ement to the landed interest of five hundred thousand pounds. Huske, the new member for Malden, once subservient to Charles Townshend, a native of New-Hampshire, educated at Boston, the same who nearly nine years before had in 1755 foreshadowed the so eminent and advantageous a post in the law; and Grenville felt himself so strong as to dare to slight him. Even Charles Townshend was ready to renounce the friendship of Pitt, and his manifest desire of taking office passed unheeded. Nothing waartley, in his published letters, Wells on this distinction. But compare the acts prepared by Grenville, with those of Townshend and Lord North. Nor did Grenville ever take part in the schemes which were on foot to subvert the charters of the colonhe whole body of colonial office holders, to whose selfishness he refused to minister. So the plans of Halifax and Charles Townshend, for the time, fell to the ground Grenville had but one object, to win the support on the landed gentry, whose favo
bted the authority of the British legislature in all cases whatsoever. The purpose found its warmest advocate in Charles Townshend. In the debates on the forces to be kept up in the navy and the army, he spoke for the largest numbers; for the co the old subordinate of Halifax with supercilious frankness publish the views which the majority of the cabinet and Charles Townshend boldly advocated, and which Grenville dared not openly resist and could never heartily approve. While his collean the dark; but, perhaps, he added, as well in the dark as any way. The charge of ignorance called upon his feet Charles Townshend, the reputed great master of American affairs. He confirmed the equity of the taxation, and insisted that the colong from end to end with the cheering name of the Sons of liberty. But at St. Stephen's, the members only observed that Townshend had received a heavy blow, and the rest of the debate seemed languid. The opponents of the chap. XI.} 1765. Feb. mea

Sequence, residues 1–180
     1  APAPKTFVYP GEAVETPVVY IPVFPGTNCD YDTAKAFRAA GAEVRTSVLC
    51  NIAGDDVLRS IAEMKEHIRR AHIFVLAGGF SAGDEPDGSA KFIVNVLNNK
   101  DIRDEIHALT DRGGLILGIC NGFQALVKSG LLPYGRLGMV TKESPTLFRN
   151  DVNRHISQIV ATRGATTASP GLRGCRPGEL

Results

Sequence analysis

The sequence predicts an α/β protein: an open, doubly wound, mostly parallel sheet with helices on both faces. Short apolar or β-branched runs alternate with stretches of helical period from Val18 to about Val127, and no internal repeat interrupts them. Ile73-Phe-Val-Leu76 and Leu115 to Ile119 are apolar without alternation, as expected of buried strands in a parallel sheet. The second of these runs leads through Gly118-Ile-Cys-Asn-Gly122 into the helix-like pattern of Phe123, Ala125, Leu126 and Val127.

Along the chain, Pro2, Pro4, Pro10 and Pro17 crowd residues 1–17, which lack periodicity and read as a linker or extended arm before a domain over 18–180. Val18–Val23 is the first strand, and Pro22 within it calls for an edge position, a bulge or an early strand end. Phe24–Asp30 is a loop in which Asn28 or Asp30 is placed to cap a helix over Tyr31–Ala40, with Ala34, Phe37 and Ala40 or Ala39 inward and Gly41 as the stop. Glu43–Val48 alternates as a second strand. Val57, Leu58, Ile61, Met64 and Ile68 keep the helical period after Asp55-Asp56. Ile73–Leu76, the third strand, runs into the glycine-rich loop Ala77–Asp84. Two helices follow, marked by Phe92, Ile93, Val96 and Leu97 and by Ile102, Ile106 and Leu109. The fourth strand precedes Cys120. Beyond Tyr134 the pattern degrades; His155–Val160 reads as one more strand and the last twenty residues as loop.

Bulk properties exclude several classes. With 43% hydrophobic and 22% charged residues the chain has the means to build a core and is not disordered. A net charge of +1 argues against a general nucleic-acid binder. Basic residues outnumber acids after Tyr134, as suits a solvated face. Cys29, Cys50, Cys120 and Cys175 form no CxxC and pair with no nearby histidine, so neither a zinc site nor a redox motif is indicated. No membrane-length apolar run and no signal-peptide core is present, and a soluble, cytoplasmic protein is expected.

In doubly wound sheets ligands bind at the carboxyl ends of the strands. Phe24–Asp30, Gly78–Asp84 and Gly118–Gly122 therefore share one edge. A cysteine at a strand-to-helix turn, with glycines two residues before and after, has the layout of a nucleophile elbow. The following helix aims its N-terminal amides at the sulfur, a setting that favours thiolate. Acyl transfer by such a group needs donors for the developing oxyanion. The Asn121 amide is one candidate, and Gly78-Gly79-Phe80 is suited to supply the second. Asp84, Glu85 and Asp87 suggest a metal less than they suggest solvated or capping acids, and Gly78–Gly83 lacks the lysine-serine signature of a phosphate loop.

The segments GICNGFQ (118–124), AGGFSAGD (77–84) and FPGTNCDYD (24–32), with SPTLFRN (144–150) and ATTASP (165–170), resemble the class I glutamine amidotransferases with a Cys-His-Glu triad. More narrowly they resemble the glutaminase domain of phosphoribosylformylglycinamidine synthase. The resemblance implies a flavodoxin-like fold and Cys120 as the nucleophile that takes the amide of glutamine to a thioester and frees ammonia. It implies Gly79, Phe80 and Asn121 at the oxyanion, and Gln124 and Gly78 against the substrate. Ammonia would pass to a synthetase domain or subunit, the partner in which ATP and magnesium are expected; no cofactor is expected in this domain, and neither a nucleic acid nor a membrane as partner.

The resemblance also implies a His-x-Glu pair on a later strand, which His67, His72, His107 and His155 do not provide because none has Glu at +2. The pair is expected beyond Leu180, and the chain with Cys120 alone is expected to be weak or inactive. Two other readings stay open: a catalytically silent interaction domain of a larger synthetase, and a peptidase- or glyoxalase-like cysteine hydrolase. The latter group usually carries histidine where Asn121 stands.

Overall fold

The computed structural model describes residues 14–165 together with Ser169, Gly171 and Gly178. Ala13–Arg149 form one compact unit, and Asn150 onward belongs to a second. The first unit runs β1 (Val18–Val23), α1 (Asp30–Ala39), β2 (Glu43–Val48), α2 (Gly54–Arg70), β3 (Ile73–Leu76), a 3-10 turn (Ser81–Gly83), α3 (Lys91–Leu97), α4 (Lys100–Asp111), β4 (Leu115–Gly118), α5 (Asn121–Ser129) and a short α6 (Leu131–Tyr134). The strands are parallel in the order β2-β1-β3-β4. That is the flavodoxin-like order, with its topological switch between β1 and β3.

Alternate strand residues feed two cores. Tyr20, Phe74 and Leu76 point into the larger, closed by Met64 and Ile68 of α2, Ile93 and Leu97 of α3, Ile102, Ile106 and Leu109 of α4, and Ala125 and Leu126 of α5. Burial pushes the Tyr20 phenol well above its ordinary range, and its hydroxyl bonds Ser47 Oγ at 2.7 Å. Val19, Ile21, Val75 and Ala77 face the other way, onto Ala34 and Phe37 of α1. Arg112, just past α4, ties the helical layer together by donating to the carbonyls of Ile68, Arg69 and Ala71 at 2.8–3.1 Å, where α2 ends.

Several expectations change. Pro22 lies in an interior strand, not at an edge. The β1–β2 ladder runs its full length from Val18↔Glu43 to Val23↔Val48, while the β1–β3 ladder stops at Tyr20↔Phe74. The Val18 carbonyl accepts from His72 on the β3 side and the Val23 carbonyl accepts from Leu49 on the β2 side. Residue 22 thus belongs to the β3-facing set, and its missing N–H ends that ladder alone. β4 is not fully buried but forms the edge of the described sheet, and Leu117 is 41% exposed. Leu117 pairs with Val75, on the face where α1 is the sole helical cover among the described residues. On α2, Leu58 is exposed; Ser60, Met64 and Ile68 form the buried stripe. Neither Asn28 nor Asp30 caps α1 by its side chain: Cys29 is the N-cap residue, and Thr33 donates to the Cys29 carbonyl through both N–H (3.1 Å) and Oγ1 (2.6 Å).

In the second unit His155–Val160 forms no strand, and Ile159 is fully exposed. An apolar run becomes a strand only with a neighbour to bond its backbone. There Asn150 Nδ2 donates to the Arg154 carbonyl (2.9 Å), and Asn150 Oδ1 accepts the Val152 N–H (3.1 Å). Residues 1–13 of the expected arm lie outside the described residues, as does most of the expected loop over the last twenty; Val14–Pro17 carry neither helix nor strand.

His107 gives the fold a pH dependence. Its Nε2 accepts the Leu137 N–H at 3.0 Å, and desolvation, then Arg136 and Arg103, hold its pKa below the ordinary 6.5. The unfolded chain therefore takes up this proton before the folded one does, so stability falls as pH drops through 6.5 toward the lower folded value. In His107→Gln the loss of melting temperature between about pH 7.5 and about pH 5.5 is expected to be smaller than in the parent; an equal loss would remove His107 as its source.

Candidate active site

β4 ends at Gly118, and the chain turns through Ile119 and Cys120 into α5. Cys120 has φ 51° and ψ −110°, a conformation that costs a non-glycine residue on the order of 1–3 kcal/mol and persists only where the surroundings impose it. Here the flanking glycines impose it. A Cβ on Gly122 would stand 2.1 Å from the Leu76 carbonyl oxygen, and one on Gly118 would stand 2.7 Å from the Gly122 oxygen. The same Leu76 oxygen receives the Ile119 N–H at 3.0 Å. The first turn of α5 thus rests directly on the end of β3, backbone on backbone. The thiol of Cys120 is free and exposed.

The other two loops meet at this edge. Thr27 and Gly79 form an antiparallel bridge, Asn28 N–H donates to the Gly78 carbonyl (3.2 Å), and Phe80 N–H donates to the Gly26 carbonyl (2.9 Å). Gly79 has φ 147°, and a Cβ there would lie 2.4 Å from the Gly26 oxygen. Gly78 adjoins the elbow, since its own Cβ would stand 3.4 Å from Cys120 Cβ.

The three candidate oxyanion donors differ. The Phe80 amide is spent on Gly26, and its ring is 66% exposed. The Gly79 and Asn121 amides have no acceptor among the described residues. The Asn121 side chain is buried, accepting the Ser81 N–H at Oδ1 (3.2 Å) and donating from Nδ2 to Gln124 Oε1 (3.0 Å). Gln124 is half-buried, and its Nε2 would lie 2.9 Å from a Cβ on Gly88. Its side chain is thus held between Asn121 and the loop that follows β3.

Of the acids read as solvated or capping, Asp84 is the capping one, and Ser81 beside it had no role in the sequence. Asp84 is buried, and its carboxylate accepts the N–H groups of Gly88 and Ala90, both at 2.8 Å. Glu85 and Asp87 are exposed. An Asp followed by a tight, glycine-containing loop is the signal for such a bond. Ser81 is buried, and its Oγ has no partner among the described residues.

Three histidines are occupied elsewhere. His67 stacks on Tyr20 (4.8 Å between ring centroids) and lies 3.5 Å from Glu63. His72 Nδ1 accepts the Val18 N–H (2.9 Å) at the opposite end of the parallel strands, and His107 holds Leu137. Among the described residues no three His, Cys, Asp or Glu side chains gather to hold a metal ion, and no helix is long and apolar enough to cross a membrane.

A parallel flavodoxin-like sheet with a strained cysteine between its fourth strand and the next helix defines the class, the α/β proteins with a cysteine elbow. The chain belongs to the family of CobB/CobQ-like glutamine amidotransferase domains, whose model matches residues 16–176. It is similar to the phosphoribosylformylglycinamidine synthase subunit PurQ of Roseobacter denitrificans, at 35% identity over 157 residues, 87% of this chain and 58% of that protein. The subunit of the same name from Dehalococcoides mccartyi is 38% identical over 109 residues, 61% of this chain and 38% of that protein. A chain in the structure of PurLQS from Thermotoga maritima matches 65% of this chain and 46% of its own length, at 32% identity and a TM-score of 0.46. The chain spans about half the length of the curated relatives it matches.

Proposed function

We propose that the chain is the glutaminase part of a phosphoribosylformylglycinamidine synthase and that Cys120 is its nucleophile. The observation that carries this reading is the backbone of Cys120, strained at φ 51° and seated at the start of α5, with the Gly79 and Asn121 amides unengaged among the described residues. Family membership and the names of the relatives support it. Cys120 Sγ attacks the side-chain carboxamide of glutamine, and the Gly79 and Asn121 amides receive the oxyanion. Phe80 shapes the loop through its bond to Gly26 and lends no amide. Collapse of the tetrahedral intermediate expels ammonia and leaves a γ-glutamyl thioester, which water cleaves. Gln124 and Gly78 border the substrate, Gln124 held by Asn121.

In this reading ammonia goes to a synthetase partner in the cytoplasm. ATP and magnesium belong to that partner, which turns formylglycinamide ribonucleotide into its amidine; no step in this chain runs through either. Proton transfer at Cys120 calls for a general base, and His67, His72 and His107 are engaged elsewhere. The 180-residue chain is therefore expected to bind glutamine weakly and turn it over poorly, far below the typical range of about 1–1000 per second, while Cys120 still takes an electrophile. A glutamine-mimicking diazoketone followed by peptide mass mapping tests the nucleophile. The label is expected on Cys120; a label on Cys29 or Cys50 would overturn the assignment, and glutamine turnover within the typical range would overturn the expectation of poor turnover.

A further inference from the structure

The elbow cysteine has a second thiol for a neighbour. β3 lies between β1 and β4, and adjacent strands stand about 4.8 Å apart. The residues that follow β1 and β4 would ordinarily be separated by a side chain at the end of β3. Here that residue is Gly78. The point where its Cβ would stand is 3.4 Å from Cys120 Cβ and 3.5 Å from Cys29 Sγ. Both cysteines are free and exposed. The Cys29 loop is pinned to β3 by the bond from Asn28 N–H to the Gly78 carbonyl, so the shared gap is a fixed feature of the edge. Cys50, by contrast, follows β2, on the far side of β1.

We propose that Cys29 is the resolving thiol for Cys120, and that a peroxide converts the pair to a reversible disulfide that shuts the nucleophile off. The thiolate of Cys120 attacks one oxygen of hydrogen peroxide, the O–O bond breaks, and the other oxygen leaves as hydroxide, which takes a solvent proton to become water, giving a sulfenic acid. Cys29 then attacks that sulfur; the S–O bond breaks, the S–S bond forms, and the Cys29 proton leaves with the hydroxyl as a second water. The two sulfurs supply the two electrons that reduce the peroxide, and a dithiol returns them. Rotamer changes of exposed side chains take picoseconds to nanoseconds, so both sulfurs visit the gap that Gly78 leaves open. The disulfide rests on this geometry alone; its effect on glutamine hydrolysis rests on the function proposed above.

cle, the duke of Cumberland, and authorized negotiations with Pitt, with Temple, and the great Whig families, for constructing a new administration, in which Charles Townshend should be one of the secretaries of state, and Northumberland, Bute's sonin-law, at the head of the treasury. On that same day the regency bill, with the oyments and councils of state should not be separated. One last effort was made to form an administration, with Lyttelton at the head of the treasury, and Charles Townshend as chancellor of the exchequer. But Lyttelton was too conscious of his weakness, to listen to the offer; and Townshend, laughing it to scorn, reserved himseTownshend, laughing it to scorn, reserved himself for the paymaster's place, which, two days after, he accepted. On Tuesday, the twenty-first, the king was in des- 21. pair; and, though the old ministry was sustained by parliament, and at that moment by public opinion, he would yet have put in their places any mortal who could have carried on business. Cumberland hated Gre